Wednesday, October 24, 2012

Someone Old, Something New

UPLB Renames Its Streets

If you’re coming over for a quick visit to UPLB any tine you’ll see something new on campus.  Street names have been changed.  They have been renamed after old alumni – those who have gone on to the next dimension.  This, however, isn’t really a new thing, though.  Still, I was pleasantly surprised when I began seeing those new street names during the last couple of weeks. 

Yesterday, I decided to pay a visit to the Office of the Vice Chancellor for Planning and Development to find out how the changes in street names came about.  On the steps going up the UPLB Admin Bldg, I ran into UPLB Chancellor Rex Victor Cruz.  Yes, there was no better person to ask than the Chancellor himself.  We had a quick exchange of information right on the steps.

Chancellor Cruz informed me that the naming of UPLB Streets was not a unilateral action on his part.  In fact, he said, this project started way back during the term of Chancellor Rey Velasco.  This effort was part of the System project of renaming buildings and streets under the System Centennial Program of former UP President Emer Roman.  The initial effort at UPLB began in 2008.  There was a Committee to study the renaming of UPLB Streets.  It was decided that the streets be renamed after old Alumni of UPCA, hence you’ll find names like Victoria M. Ella Street (from the Main Gate to the

east, formerly Silangan Street), Jose R. Velasco Street (from the Gate to the West and going up until the UPCO Housing Area, formerly Kanluran Street), Andres P. Aglibut Street (from engineering all the way to intersect with JR Velasco across from the Church Among the Palms),  Gen. Romeo Espino Street (from Baker Hall to YMCA Dorm),  Mariano Mondoñedo Street (from the Animal Science Compound to the UPLB Auditorium), Domingo M. Lantican Street (from JR Velasco near the Library moving all the way up to the College of Forestry and natural Resources), and so on and so forth.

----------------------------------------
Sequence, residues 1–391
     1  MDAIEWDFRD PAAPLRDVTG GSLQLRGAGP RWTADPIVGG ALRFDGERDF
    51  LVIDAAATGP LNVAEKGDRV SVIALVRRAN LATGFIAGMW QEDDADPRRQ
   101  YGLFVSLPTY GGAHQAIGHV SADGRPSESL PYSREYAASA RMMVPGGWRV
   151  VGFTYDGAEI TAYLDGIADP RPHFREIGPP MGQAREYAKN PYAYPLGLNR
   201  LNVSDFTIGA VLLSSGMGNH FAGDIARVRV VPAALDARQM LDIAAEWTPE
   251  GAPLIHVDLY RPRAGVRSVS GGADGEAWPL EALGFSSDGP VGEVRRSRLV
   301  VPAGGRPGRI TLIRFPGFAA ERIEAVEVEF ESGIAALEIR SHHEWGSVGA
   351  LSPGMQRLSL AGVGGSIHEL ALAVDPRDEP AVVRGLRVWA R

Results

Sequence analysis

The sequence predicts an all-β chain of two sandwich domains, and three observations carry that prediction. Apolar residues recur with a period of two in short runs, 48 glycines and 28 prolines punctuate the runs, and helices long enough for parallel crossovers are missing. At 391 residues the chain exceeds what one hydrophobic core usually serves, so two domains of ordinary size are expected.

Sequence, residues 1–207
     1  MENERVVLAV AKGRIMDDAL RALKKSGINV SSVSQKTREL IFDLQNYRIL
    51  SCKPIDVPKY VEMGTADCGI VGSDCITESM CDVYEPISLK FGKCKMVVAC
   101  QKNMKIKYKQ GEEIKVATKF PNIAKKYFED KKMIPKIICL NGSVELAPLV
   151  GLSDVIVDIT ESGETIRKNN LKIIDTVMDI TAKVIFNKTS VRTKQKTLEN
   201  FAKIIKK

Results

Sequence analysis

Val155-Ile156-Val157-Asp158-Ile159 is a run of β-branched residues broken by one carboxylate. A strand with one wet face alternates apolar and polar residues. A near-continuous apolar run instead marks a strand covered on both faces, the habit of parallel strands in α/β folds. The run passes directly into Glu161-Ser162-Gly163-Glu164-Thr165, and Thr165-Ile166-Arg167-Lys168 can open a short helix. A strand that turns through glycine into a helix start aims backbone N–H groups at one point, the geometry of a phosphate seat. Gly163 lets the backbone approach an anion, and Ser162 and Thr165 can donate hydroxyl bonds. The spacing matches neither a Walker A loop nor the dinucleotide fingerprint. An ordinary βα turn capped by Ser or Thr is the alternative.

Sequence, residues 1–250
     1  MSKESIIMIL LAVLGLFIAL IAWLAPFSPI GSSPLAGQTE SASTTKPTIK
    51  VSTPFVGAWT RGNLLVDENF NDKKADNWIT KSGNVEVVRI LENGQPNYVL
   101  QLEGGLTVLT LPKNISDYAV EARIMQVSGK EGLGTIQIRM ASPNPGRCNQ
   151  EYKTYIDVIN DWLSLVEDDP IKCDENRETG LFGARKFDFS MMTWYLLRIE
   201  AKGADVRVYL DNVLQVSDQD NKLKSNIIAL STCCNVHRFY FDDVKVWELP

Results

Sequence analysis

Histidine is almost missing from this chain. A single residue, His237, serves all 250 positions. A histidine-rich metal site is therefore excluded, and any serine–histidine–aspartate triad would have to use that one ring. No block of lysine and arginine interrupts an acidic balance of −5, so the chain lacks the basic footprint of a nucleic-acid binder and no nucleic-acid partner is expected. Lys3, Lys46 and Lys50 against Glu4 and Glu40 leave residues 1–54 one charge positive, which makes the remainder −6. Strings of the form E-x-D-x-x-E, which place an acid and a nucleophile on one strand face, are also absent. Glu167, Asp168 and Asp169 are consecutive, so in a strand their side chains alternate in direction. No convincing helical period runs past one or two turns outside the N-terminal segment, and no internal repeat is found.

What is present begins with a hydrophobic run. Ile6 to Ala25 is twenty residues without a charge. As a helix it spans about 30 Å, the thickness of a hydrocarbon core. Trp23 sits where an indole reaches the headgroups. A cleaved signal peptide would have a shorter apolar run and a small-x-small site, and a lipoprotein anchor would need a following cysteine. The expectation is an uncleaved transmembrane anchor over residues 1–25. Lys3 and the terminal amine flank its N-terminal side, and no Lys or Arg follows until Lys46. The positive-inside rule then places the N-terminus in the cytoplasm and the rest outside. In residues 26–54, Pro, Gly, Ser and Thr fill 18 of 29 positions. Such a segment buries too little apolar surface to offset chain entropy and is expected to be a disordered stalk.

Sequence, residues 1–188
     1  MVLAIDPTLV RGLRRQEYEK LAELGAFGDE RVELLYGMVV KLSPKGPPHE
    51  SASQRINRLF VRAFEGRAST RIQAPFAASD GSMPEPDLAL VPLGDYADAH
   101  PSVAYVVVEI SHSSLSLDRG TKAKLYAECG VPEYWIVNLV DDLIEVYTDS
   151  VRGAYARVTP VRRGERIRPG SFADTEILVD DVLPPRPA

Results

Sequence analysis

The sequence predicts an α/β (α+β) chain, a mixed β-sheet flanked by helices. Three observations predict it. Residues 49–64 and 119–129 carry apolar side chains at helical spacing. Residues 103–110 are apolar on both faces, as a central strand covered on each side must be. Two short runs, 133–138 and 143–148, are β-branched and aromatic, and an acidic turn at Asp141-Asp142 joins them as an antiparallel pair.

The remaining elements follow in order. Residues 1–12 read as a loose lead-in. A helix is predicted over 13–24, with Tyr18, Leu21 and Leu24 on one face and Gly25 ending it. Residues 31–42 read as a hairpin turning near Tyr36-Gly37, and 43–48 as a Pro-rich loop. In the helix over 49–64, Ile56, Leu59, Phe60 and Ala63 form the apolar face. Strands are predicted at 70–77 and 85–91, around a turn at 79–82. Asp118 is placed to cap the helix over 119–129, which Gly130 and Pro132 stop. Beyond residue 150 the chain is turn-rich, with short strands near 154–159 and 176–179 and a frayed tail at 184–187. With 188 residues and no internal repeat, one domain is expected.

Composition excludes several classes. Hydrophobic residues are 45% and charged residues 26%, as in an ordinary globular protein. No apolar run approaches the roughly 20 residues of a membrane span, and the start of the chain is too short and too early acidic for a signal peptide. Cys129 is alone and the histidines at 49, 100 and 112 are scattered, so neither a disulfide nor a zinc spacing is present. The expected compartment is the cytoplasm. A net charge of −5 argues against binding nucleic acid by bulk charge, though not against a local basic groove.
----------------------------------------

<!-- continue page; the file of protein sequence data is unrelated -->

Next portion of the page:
I have no problem with renaming the streets after well known alumni.  For example, Professor Victoria M. Ella was the first Filipina plant pathologist, Professor Andres F. Aglibut was known as the “father” of Philippine agricultural engineering, Gen. Romeo Espenio, a member of the UP Vanguards, was the first and, so far, only ROTC graduate to become Chief of Staff of the AFP, and, of course, who doesn’t know Dr. Domingo M. Lantican, long-time Dean of the College of Forestry, and former UPLB Vice Chancellor for Administration and, for a time, Chancellor of UPLB.

Streets in the compound of the College of Veterinary Medicine were renamed after known pioneers of the UP College of Veterinary Medicine.   Streets in the College of Forestry, after known alumni of the College of Forestry.

In my conversation with UPLB Chancellor Cruz, I learned that the renaming of the UPLB Streets was approved by the UP Board of Regents sometime back.  Chancellor Cruz was telling me that when the signs began going up, there were people commenting “What’s this?  We’ve made many unilateral decisions in the past, are we still doing so?”  Chancellor Cruz explained that the project didn’t originate from him.  In fact, when he came in the BOR had already approved the proposal to rename streets and buildings at UPLB.